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Shaping gender attitudes in the classroom
Other Commonwealth countries such as Mozambique and India are battling to reduce drop-out rates for girls – even at a very young age. Many girls never see the inside of a classroom, are married off in their early teens, and remain illiterate and uneducated for the rest of their lives.
Gender issues at school have implications for the wider aspects of development, including economics, human rights, health and democracy. Experts believe that intervention during adolescence, when opinions are being formed, is crucial for shaping gender attitudes and tackling health issues such as HIV/AIDS.
In October 2008 at the University of East Anglia in Norwich, UK, 16 teachers and educators met to discuss the first outcomes of a long-term Commonwealth project on gender in schools.
Their findings showed that gender stereotyping is prevalent among teachers, peers and in homes across a range of socio-economic backgrounds and in both rural and urban areas. It is a behaviour learned and perpetuated through modelling and cultural expectations.
The ‘Action Gender in Schools’ project was initiated by the Commonwealth Secretariat’s Education Section in 2008 and aims to draw on the experiences of teachers as well as parents, the broader community and pupils.
It is hoped that the research can identify how school processes question or reinforce dominant, unequal ideas about gender and what practices do and don’t work in addressing gender problems in the classroom.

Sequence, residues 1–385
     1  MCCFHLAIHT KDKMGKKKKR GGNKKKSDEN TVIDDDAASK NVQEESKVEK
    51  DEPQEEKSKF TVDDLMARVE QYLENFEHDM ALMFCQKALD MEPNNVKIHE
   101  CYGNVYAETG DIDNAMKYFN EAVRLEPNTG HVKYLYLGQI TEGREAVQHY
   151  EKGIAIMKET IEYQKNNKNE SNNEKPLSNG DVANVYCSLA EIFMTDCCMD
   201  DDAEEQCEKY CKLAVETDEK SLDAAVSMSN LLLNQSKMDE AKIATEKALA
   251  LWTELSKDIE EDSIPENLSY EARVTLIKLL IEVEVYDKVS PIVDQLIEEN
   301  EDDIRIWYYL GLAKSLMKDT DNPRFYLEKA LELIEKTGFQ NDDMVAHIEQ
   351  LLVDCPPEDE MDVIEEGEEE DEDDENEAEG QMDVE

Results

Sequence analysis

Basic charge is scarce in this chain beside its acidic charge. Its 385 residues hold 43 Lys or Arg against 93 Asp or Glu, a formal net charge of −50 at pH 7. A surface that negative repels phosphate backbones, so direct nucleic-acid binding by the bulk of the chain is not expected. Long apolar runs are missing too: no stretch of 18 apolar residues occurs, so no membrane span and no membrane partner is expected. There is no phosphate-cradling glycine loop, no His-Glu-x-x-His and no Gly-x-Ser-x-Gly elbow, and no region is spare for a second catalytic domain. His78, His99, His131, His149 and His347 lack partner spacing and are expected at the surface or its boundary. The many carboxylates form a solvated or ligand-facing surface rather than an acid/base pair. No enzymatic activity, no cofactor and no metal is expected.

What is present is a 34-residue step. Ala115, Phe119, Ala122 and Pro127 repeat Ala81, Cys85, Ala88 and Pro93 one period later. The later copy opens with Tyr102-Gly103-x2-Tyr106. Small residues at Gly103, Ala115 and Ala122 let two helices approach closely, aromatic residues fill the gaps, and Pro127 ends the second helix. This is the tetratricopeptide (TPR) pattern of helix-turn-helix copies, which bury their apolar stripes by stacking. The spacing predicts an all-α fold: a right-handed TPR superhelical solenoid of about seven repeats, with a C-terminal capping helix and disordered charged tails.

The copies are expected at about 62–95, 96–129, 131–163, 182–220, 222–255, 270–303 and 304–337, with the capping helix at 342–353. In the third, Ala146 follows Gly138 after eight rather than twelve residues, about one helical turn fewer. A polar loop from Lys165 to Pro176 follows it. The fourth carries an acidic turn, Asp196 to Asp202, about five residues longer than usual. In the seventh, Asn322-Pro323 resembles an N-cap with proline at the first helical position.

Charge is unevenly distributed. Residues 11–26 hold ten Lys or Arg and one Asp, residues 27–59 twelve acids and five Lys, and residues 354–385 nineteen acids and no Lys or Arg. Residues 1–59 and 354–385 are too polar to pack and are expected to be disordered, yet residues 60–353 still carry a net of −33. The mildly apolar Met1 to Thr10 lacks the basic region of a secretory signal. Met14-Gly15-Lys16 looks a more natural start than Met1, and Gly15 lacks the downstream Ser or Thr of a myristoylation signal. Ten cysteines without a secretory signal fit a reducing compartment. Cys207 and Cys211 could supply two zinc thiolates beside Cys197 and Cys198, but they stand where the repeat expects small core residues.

“[The October 2008] workshop was an opportunity for the people engaged in the action projects to share their different ideas and experiences with other educators from across the Commonwealth,” explained Dr Joytsna Jha, Adviser on the project.
“It’s a small start and we are funding pilot projects in schools in Malaysia, Seychelles, Trinidad and Tobago, India and now Mozambique. They were chosen because of particular gender-based problems in the schools, but also a willingness to participate.”
All the schools in the project are co-educational secondary-level public institutions.
While it is undeniable that economic factors are contributing to the skewed gender balance of many children’s performance, initial observations show that the expectations and interventions of teachers, families and the local community also impact massively on children’s ability and desire to achieve at school and beyond.
In Anse Boileau Secondary School in Seychelles, Head Teacher Marie Celene Albert believes it is important to create an environment for parents, teachers and pupils to familiarise themselves with gender issues.
“A broad approach is necessary. Parents, pupils and teachers need to be on board. Many existing stereotypes are being reinforced at school, including by teachers who are transferring their own gender biases to the classroom,” Ms Albert said.
She added that girls at her school had been outperforming boys at both assessment and exam level.